Grammarly Business Model: How Grammarly Makes Money

12 years since being founded in 2009, Grammarly has more than 30 Million daily active users, over 10 Million downloads of its chrome extension, and 30,000+ institution and enterprise clients. And all this for a company that did not raise its first round of funding worth $110 Million until its eighth year of operation. Now, we’re not by any means trying to imply that Grammarly was bootstrapped for the initial 8 years of the startup’s journey (— the founders did make some money (nobody knows how much) from selling their first startup (more on that later), which was used to self-fund the company...

Patreon Business Model: How Patreon Makes Money

In 2013, Jack Conte was just another YouTuber Creator among a sea of them. Today, he is the CEO of Patreon, the world's leading creator platform, using which creators around the world have earned more than $3.5 billion as of 2021. How did he go from being a YouTube Creator, without technical chops, to heading the world's largest creator platform?  Well, Conte’s story is as much his as it is Patreons’. So, let’s look into Patreon’s founding story.  And post that, we will also walk you through a bunch of other stuff -- like how exactly Patreon works, business model pivots,...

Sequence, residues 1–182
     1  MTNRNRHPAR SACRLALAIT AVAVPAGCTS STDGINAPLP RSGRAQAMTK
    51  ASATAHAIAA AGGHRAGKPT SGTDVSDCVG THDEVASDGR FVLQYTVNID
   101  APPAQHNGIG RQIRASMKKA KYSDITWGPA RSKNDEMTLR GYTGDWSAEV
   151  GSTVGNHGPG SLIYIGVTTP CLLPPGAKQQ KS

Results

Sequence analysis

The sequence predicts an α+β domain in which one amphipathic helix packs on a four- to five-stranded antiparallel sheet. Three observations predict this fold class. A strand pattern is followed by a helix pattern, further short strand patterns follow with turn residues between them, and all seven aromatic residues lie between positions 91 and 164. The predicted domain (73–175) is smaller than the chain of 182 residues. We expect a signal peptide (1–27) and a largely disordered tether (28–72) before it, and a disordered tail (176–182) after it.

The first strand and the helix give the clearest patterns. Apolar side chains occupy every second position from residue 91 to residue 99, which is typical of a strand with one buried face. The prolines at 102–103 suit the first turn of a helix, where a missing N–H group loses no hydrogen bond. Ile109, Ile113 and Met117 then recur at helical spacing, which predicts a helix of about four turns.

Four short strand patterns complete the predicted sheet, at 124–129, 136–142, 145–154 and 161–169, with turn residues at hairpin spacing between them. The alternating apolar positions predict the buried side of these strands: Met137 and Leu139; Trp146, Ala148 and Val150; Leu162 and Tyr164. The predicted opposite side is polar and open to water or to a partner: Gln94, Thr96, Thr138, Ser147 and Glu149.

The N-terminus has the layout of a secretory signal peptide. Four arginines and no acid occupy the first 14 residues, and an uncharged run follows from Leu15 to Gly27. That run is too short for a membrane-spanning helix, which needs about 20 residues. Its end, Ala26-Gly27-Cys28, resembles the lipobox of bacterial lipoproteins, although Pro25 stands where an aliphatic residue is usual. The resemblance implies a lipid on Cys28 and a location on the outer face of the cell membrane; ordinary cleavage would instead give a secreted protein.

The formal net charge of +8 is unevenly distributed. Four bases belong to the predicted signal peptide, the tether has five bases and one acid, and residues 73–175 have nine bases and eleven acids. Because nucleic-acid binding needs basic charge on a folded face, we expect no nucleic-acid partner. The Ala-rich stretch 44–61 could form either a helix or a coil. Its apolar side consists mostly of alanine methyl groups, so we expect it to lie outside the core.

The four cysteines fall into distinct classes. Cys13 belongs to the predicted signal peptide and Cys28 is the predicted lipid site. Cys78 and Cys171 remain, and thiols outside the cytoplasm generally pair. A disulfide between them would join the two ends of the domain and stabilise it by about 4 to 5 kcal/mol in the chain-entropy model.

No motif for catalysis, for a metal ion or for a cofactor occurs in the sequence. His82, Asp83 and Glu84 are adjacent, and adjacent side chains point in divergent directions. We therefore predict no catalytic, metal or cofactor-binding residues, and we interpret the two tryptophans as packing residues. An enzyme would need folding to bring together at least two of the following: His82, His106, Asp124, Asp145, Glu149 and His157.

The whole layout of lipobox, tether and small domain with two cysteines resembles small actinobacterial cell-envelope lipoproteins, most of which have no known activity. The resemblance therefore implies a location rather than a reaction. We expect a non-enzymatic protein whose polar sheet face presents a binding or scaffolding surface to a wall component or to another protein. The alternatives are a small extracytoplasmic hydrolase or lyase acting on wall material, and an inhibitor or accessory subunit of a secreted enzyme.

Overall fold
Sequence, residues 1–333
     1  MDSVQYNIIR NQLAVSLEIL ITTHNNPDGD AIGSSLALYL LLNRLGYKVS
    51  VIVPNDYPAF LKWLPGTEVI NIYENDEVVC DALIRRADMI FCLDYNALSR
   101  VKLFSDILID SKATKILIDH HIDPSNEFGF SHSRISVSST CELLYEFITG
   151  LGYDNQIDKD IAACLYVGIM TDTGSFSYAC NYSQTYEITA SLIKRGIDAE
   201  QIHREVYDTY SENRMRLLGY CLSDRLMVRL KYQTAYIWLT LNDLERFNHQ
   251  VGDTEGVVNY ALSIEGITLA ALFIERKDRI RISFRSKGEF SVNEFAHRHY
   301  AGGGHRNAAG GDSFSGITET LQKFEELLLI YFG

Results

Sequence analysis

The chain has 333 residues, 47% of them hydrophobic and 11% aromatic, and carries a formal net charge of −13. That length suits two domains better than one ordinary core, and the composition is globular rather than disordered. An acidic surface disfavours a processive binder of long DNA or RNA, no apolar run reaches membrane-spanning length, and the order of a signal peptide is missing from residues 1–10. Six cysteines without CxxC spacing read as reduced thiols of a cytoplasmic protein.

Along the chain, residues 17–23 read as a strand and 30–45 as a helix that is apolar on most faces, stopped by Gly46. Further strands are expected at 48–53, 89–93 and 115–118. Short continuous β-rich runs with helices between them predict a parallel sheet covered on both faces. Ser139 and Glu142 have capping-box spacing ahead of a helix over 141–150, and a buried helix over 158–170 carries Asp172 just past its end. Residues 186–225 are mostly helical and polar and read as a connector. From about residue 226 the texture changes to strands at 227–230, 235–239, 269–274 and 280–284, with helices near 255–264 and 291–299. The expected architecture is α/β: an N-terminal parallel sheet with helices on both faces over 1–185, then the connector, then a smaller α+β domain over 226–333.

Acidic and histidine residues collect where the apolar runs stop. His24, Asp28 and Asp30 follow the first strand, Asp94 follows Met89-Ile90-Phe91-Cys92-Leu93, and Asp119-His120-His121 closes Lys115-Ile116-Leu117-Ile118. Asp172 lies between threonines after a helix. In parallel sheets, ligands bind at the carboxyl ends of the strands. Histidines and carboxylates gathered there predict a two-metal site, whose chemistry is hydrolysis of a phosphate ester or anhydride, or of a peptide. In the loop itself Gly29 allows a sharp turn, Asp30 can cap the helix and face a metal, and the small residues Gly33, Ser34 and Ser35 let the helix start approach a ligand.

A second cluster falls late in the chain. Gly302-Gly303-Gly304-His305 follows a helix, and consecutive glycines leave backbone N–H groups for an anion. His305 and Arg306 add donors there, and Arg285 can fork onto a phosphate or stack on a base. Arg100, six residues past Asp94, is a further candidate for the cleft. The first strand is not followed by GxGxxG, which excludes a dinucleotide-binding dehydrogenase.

PharmEasy Business Model: How PharmEasy Makes Money

The decade of 2010s will go down in history books as the decade the internet access proliferated across India. At the beginning of the decade, 92.57 million people were using the internet across the country. By the end of the decade, the number had swelled to 749.07 million. The imminent rise in Internet usage led to the growth of innumerable Internet startups and disruption across industries. One of the first major industries to witness disruption was retail.  The founding of Flipkart in 2007 led to a wave of new online shoppers. The Amazon entry in 2013 and the rise of competitors...

GetUpside Business Model: How GetUpside Makes Money

A few years after its founding in 2016, GetUpside has grown to become one of the leading platforms in the cashback segment in the United States. Users have earned $100 million in cashback until writing this piece, and merchant partners have made more than $200 million in incremental profit using GetUpside.   The cashback segment was an already crowded space, so GetUpside is a business worth studying. In this blog, we go through GetUpside’s founding and growth story, understand how GetUpside makes money, and discuss its future expansions plans. But before we do that, let me briefly walk you through how...

Spotify Business Model: How Spotify Makes Money

The advent of the internet and the subsequent rise of tech companies, as it did with all other industries, changed the music industry. Amazon changed the way we shop. Netflix changed the way we consume entertainment. Uber changed the way we book cabs. Similar to Amazon, Netflix & Uber; Spotify changed the way we listen to music.  In the process of disrupting the respective industries they chose to target, each of these companies — Amazon, Netflix, Uber & Spotify  — altered the behavioral design of the society and upended the economics of the industry.  In the last two decades, online music...